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Ceramic-matrix Composite Materials and Their Bending Properties
 

Ceramic-matrix Composite Materials and Their Bending Properties

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A composite is a material formed by combining a matrix and one or more reinforcement materials. The overall bending strength of a composite depends on the properties of the materials it is made up of. A ceramic is a hard material with strong compression properties, but this material is also very brittle. By mixing it glass or polymer fibers, it turns into a more ductile material.

For example, in artificial bone composites, the ceramic provides the required compressive strength while the polymer fibers add the tensile and flexural strength to it. By combining ceramic and polymer materials in different amounts, unique materials can be created tailored for a specific application.

This video will illustrate how to make three ceramic matrix composites with plaster of Paris and determine which preparation has the strongest bending properties. The flexural strength of these samples would measured using the three-point bending test.

Let us have a closer look at the three-point bending test. In this method a bar shaped sample is mounted lengthwise on two parallel pins. The mounting should be such that it allows the material to stretch as well as bend under an external force.

In this test, an external force is applied perpendicular to the sample in the middle. As a result, it undergoes compression force on the side where external load is applied and tensile force on the opposite side where it gets stretched. The combination of these two forces also creates an area of sheer stress along the midline.

These three forces together decide the bending or flexural strength of a given sample. With an increase in the external force, the amount of bending or deflection of a material also increases until the material fails. The flexural strain on a material can be calculated using the deflection, span length, and thickness of the sample. The flexural stress of the material can be calculated from the applied force, span length, width, and thickness of the sample.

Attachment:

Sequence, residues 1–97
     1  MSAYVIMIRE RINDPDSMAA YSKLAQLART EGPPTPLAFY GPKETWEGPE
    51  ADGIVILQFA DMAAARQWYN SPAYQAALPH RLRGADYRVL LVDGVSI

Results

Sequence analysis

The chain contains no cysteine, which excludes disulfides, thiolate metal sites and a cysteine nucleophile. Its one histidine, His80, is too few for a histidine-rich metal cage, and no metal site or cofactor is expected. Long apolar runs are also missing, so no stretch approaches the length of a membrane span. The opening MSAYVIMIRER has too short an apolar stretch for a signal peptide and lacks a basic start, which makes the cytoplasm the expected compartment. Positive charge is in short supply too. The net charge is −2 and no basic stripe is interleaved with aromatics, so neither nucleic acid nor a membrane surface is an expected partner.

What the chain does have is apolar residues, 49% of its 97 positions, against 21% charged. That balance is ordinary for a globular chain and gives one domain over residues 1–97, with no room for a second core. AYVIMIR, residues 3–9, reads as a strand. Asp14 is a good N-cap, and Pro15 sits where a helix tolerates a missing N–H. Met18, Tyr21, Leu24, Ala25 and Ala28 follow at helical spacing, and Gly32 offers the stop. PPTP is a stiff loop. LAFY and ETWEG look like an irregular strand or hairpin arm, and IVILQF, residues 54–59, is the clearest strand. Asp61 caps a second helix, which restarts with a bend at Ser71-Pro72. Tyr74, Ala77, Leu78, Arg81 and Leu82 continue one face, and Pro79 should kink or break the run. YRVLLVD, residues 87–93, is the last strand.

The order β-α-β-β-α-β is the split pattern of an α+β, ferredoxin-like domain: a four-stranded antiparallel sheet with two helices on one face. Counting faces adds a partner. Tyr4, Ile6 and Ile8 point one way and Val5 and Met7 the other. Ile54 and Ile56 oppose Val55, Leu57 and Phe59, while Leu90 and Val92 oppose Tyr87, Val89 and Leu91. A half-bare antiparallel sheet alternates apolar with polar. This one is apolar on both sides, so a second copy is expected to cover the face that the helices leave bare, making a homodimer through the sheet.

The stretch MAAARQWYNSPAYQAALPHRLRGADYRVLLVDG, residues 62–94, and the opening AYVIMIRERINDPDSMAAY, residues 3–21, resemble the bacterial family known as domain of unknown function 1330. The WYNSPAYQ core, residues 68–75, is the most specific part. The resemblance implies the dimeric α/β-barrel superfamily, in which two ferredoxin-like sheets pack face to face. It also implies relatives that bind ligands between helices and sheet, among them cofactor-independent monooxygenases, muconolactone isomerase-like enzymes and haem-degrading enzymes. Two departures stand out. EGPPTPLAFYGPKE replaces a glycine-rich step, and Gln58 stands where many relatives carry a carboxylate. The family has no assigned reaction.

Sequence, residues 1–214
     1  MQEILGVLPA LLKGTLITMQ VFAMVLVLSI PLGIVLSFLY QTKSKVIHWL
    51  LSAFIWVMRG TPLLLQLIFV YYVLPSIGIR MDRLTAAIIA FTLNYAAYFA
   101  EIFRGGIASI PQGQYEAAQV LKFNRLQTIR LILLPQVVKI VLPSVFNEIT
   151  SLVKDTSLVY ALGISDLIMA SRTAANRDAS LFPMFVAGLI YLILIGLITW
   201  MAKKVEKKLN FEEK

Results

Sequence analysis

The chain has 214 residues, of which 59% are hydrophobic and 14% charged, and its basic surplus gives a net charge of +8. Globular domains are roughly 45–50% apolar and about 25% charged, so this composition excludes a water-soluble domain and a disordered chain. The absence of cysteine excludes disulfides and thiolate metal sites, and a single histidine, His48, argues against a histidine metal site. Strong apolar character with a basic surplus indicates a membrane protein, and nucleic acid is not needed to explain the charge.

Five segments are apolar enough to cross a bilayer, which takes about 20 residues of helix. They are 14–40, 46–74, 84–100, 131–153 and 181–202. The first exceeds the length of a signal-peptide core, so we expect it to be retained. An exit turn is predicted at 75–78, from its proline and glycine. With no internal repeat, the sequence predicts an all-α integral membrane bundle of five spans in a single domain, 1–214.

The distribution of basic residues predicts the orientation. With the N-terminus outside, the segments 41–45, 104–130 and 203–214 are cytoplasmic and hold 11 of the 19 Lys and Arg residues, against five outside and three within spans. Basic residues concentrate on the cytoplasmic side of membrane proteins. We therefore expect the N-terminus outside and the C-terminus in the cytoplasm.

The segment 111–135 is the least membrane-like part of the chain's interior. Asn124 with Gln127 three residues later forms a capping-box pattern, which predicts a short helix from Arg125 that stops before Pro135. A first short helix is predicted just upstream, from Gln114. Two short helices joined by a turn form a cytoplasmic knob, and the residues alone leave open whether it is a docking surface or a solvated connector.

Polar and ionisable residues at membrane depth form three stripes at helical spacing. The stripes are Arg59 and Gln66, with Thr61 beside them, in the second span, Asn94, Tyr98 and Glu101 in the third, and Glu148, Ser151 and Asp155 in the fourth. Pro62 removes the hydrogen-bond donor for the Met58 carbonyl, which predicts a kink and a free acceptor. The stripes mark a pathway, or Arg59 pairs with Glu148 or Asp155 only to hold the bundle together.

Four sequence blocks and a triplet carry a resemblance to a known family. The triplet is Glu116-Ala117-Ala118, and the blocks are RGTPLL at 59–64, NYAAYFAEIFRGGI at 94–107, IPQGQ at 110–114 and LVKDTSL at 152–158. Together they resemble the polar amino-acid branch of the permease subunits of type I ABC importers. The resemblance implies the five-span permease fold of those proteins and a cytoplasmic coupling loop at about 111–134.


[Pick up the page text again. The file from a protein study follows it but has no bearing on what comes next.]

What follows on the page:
The three-point bending test gives a flexural stress and strain curve of a material. The slope of a curve in the elastic region represents the flexural modulus of the sample and measures how much a given material can be flexed. The area under the stress-strain curve represents the amount of energy absorbed by a material before failure, hence, it is a measure of the toughness of the material.

Theoretically, the maximum flexural strength of a composite can be calculated with the rule of mixtures using the maximum flexural strength of its matrix and reinforcement materials under volume fractions.

Now that you understand how the three-point bending method works and how to measure the bending properties of the material, let's make three ceramic based composites and find out which one has the highest bending strength.

First let's make three samples of ceramic matrix composites. To begin, get a blue rubber mold which can make three bar-shaped samples. We will make your first sample from the plain plaster. To begin with, weigh 40 grams of dry plaster powder into a plastic cup then slowly add 20 milliliters of deionized water and stir it with a stick until a smooth consistency is achieved. Proceed immediately to the next step because the plaster starts to harden in approximately five minutes. Next, pour the resulting slurry in one of the compartments of the mold. Fill the mold completely and smooth it over with the stick. Finally, throw away the cup and any excess plaster. Please keep the stick for future use.